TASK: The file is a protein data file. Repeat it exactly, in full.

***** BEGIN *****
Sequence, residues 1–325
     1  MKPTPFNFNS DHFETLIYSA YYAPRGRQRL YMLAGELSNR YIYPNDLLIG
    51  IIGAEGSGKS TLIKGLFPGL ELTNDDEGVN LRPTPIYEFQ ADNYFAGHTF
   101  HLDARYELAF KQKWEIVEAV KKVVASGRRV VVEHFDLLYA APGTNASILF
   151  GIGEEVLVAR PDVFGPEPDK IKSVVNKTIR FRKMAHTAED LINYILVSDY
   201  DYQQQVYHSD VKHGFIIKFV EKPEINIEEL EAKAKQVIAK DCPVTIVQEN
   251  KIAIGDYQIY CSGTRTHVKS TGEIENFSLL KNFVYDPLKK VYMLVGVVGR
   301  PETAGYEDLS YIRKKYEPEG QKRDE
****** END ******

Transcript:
Sequence, residues 1–325
     1  MKPTPFNFNS DHFETLIYSA YYAPRGRQRL YMLAGELSNR YIYPNDLLIG
    51  IIGAEGSGKS TLIKGLFPGL ELTNDDEGVN LRPTPIYEFQ ADNYFAGHTF
   101  HLDARYELAF KQKWEIVEAV KKVVASGRRV VVEHFDLLYA APGTNASILF
   151  GIGEEVLVAR PDVFGPEPDK IKSVVNKTIR FRKMAHTAED LINYILVSDY
   201  DYQQQVYHSD VKHGFIIKFV EKPEINIEEL EAKAKQVIAK DCPVTIVQEN
   251  KIAIGDYQIY CSGTRTHVKS TGEIENFSLL KNFVYDPLKK VYMLVGVVGR
   301  PETAGYEDLS YIRKKYEPEG QKRDE